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North Topsail Beach is a far cry from the college town of Chapel Hill that I made home the past four years. While in Chapel Hill you mainly come across college students from North Carolina, in NTB there’s people from all walks of life: marines, tourists, retirees, a surprising amount of New Yorkers, and typical small town families all co-exist.

They come together in town hall. I knew from my very first interview with the town manager and town clerk that I’d be working with smart, generous people. But from the moment I arrived, I was treated like family. During my first few weeks, everyone checked in to make sure I was settling in and offered their guidance on any questions I had — and there are a lot of questions to be answered.

As a beach town, NTB faces issues that most of the other fellows in my cohort will not. On top of the local government responsibilities and services that apply to every municipality, we come in contact with a large cast of abbreviations every single day: CBRA, CAMA, EOC, Con D, TISPC, FEMA, and EHP to name a few. These characters are familiar to every coastal community, but it’s a steep learning curve to get them and their complex legalities down.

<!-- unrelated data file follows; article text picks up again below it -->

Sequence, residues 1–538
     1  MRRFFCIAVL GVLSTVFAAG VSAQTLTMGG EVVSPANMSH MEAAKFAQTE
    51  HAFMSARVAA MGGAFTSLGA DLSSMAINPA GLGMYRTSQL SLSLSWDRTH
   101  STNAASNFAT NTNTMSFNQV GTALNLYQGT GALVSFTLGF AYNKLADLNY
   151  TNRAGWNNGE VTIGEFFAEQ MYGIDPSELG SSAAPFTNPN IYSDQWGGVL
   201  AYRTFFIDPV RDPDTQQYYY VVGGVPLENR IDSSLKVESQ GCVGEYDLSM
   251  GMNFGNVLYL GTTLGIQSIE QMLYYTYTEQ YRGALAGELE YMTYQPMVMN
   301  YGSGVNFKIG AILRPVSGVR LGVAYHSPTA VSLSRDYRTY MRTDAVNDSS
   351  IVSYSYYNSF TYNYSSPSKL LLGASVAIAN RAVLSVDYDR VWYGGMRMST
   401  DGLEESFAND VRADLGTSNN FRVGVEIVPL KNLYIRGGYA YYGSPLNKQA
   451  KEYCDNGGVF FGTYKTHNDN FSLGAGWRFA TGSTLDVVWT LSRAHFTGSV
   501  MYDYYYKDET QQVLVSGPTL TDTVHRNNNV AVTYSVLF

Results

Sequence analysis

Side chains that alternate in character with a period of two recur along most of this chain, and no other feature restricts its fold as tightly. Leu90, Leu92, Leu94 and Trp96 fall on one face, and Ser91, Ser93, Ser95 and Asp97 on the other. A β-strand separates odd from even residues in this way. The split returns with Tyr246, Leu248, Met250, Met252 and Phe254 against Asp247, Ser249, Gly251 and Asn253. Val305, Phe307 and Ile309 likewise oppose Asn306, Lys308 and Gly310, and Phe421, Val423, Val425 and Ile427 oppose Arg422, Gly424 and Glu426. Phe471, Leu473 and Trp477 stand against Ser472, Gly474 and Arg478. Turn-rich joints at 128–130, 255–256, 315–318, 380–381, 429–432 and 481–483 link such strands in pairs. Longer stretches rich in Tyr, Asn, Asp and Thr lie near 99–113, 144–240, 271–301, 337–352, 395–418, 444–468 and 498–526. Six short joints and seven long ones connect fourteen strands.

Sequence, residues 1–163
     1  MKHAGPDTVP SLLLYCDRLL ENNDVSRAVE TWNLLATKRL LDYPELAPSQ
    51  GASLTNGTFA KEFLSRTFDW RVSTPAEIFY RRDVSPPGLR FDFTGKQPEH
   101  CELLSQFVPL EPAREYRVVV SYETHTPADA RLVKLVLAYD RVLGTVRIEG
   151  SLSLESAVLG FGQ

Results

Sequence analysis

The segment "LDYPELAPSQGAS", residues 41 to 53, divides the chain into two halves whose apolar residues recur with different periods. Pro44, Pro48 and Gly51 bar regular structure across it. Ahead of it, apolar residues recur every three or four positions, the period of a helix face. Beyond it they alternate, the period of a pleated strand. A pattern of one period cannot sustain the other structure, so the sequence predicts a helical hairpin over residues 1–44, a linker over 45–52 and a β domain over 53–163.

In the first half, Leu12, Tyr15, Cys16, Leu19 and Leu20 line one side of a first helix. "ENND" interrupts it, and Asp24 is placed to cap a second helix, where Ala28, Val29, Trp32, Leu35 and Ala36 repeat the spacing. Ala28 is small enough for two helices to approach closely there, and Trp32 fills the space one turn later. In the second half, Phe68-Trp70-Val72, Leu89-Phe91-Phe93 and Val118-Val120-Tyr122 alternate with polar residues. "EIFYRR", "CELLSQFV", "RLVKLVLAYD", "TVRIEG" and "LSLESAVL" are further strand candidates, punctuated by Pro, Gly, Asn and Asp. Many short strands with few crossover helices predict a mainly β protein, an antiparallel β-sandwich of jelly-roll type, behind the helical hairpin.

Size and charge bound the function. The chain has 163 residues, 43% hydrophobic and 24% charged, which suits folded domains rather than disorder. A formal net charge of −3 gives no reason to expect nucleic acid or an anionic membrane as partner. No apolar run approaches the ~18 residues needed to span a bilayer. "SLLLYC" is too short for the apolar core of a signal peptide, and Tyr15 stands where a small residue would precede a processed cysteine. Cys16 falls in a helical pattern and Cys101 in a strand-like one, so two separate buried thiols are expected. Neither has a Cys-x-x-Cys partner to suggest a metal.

I first became familiar with these coastal management terms when I studied in the Outer Banks for six months in 2017. While I knew the quick definition of what they were, I didn’t understand how they applied to real communities until starting the fellowship. Every day, I see the coastal management and policy I learned while sitting in a classroom affect real people and real ecosystems. No matter if I stay in local government or not, that’s an invaluable experience for what I hope will turn into a lifelong career on the coast.

I also get to use another part of my college degree right out the gate — communications. One of my main projects is developing and implementing a communications plan for town hall. Despite only having

about 800 year-round residents, we have over 40,000 followers on Facebook. I just got off the phone with a social media archiving company who was shocked at our numbers.

To establish town hall as the primary source of information on NTB happenings and gatherings, creating a formal plan ensures staff regularly engages with citizens and visitors in an accessible, equitable, and efficient way. To close information gaps as tightly as possible, the plan covers everything from sharing beach fun facts to promoting board meetings. One of my main challenges is creating something sustainable — plans and tools that anyone in the town hall can use after I leave, even if they haven’t taken college courses in media.

After chipping away at my projects in town hall until 5 p.m., I’ve got the perfect way to unwind after work: the beach. No matter how busy my life may get, it’ll always be just over the bridge. I don’t know how I got so lucky to move to the coast right after college, but I’ll make the most of the two years I have here.